We anticipate that questions around the meaning of and extent to which the “Know Your Customer” requirements apply in different contexts will ultimately be answered through litigation and enforcement, and less so through the FCC regulatory rulemaking process. Questions around damages and who is or can be held responsible for originating, passing, or terminating illegal robocalls are also going to be fleshed out by regulatory enforcement and private litigation.

Perhaps the most significant risk, even more so than the FCC, are the federal and state consumer protection laws that are being developed around robocall mitigation. Starting with the Federal Trade Commission (FTC), where the FTC’s strict “known or should have known” standard is applied to hold voice service providers accountable for illegal robocallers using their networks.

Many service providers and telecom consultants pore over FCC regulations to try and understand the requirements. Is that sufficient? Are there other things they need to worry about?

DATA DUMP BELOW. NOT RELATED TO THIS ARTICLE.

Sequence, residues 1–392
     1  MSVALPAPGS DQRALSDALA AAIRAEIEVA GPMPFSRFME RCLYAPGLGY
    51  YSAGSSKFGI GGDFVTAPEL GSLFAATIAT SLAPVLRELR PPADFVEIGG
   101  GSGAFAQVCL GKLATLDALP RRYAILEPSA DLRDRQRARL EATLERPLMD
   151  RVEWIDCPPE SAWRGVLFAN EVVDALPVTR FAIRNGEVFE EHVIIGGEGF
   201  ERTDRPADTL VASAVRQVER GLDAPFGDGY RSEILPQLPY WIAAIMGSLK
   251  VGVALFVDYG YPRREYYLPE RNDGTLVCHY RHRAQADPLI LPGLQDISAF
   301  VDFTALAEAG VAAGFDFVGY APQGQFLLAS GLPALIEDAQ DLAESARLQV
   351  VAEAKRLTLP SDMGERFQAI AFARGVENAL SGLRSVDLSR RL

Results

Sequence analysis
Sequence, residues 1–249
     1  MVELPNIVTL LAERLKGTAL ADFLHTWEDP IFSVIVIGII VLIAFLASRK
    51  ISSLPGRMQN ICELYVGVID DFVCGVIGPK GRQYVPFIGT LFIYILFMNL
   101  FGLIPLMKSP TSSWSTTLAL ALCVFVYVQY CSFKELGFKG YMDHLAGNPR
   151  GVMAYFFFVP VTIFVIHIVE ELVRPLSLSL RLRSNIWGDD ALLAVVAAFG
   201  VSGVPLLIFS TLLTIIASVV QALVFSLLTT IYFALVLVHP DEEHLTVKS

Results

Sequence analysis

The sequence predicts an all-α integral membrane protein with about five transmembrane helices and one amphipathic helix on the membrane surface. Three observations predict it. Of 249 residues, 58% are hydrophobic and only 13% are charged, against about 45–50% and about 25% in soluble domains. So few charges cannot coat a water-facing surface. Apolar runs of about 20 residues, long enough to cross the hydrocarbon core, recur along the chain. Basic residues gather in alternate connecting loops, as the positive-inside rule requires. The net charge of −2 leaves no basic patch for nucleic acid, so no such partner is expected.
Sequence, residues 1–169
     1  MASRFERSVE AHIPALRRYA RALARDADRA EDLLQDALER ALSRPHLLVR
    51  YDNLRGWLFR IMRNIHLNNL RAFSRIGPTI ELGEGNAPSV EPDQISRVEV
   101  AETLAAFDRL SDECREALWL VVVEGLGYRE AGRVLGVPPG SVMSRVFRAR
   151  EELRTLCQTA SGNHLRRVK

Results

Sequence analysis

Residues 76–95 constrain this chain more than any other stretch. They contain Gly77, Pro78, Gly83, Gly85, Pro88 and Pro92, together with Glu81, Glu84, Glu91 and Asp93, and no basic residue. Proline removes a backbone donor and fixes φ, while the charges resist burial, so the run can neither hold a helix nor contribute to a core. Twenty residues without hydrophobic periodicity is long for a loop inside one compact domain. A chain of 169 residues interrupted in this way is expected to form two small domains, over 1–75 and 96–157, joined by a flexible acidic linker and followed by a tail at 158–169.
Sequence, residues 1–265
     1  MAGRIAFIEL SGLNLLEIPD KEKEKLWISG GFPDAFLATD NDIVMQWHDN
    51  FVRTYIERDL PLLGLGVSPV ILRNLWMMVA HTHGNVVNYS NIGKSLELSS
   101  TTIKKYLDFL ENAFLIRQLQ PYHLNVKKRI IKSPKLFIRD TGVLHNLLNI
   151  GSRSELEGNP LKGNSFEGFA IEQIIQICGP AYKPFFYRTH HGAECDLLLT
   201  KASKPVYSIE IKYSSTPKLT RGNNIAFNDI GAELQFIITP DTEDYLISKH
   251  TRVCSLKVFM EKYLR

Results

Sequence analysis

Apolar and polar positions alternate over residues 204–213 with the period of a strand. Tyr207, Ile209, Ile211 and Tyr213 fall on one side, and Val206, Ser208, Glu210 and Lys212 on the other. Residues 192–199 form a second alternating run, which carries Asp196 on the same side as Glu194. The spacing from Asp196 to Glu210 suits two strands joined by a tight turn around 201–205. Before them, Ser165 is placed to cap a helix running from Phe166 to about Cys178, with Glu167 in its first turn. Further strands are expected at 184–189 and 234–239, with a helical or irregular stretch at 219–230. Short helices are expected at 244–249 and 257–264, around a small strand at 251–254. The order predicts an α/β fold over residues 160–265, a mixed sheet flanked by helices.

FCC regulations are a good starting point and, telecommunications providers should stay abreast of updated regulations and releases. However, FCC regulatory compliance alone may not be enough to defend an action if provider’s face the FTC and state attorneys general’s “known or should have known” standard or the creative, evolving litigation strategy of the plaintiff’s bar.

Marriott filed a lawsuit in federal court against unknown perpetrators, “John Does,” who made illegal robocalls misusing Marriott’s name. Why would Marriott do that? What’s the point?

This is sheer speculation, but as often turns out, the actual perpetrators who harmed Marriott likely will be insolvent or outside the reach of Marriott. By using “John Does,” Marriott preserves its ability to amend its complaint to implead carriers and providers that carried or transported the fraudulent traffic.

Marriott could rely on the FTC’s “known or should have known” standard to show underlying carriers are the “John Does” that profited from bad actors (now insolvent or extra-judicial). It’s unlikely Marriott would commence this litigation without a strategy outside positive public relations for pursuing bad actions; rather, the “John Does” will likely turn out to be carriers of bad traffic who settle Marriott’s claims.